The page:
Every type of personal injury case in New Jersey is subject to a statute of limitations, and dog bite cases are no different. A statute of limitations is a time limit that an injury victim must file a lawsuit by in order for it to still be considered valid. These time limits vary state to state. If you are considering filing a lawsuit, you should know the rules and make sure not to procrastinate in taking those important legal steps.
The New Jersey State Dog Bite Injury Case Statute of Limitations
If you were attacked or bitten by someone’s dog and know ownership, you may feel the need to file a lawsuit in order to get necessary compensation for your injuries. If a dog bite is severe enough it can tear and permanently damage muscle and other fibrous tissues. This can potentially limit your movement of the body part afflicted and could prevent the ability to return to work or create mobility limitations temporarily or permanently. If the bite occurred on the face, this can also leave someone scarred and deformed. There can also be permanent mental trauma for a victim of a dog bite.
All of these costs can be considered for a dog bite case, but none of that matters if you do not keep the New Jersey state statute of limitations for such cases in mind. In New Jersey, the time limit is two years from the day of the dog bite incident. This is a lot shorter than many other types of cases and lawsuits. Time can pass quickly, so it is imperative that once you make the decision to sue, you find a lawyer and make preparations.
Limitations to Dog Bite Lawsuits
Different states also have limitations on what type of injuries caused from dog attacks that you can actually sue over. In New Jersey, only an actual bite from a dog is something you can sue for. Tripping over a dog, a dog running into you and causing you to fall, a dog scratching you with its paws, etc., do not have lawsuit eligibility in New Jersey.
There are also conditions and exceptions regarding dog-related injuries. Certain states have a variety of other scenarios they will consider that will invalidate your case. These could include purposefully harassing the dog, trespassing on someone’s property, consideration of where it occurred, was the dog a working police or military dog, etc. In New Jersey, only trespassing is grounds for immediate dismissal of your case, but that doesn’t mean that these other factors mentioned could not be applied and considered in court and work against you.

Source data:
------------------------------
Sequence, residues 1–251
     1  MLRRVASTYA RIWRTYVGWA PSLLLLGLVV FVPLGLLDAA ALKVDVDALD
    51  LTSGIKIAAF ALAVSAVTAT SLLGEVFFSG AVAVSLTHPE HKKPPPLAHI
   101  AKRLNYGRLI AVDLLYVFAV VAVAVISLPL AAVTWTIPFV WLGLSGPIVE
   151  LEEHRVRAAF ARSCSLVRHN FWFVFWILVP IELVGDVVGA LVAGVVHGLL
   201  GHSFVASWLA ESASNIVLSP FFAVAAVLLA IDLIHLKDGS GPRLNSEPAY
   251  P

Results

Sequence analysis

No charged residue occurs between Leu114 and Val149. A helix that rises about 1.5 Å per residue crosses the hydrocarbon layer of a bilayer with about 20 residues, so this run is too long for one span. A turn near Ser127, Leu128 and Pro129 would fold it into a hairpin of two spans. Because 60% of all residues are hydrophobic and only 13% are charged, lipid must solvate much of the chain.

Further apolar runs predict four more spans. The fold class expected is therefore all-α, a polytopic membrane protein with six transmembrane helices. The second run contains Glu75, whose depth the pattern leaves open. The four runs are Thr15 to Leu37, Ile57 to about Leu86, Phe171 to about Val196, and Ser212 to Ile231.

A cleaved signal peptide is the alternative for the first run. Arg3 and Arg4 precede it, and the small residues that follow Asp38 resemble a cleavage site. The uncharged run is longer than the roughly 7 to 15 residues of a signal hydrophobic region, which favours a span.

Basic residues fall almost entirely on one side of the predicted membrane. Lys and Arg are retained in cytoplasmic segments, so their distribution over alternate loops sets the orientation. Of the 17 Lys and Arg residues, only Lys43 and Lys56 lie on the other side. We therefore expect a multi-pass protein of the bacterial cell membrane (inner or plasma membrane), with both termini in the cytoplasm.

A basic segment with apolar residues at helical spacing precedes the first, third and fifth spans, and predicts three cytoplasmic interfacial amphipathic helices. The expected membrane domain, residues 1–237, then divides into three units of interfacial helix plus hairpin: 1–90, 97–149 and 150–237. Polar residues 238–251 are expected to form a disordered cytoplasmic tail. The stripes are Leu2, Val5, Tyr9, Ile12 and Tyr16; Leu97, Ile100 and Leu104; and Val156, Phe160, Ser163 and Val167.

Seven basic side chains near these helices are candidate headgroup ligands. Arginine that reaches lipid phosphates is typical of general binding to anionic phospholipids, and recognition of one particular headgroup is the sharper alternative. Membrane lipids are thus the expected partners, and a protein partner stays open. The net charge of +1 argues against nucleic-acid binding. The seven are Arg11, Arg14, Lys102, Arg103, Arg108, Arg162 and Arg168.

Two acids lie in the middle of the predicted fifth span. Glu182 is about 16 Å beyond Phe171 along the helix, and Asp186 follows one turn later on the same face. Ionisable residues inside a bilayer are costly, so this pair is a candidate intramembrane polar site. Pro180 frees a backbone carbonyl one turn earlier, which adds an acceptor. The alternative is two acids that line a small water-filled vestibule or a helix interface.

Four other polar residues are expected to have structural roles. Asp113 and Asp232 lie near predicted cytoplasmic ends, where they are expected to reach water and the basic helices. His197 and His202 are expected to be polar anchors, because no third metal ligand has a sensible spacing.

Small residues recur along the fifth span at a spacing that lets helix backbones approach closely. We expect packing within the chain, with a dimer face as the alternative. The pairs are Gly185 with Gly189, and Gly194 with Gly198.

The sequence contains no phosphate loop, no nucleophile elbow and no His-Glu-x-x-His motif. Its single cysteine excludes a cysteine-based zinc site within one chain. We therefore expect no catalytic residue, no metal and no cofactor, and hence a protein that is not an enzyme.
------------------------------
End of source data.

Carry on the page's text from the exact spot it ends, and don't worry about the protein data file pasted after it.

What Happens if You File After a Statute of Limitations Has Passed
As a general rule, the statute of limitations is there for a reason. If you delay your legal action and don’t follow those strict guidelines, 9/10 your case is going to get dismissed and invalidated.
Contact a Trenton Personal Injury Lawyer to Discuss Your Dog Bite Case in New Jersey
Did you or a loved one sustain serious injuries due to a dog bite in New Jersey? Don’t let the medical bills pile up while you wait for the negligent party or their insurance company to do the right thing. Right now, you need an aggressive personal injury attorney on your side, fighting to get you the compensation you need, want, and deserve. The skilled attorneys at CourtLaw represent clients injured because of dog bites in New Brunswick, Camden, Newark, East Orange, and throughout New Jersey. Call (732) 442-5900 or email us to schedule a free consultation about your case. We have an office conveniently located at 163 Market St, Perth Amboy, NJ 08861, as well as offices in New Brunswick, Roselle, East Orange, Jersey City, Elizabeth, Linden, Newark, Paterson, South Amboy and Trenton.
The articles on this blog are for informative purposes only and are no substitute for legal advice or an attorney-client relationship. If you are seeking legal advice, please contact our law firm directly.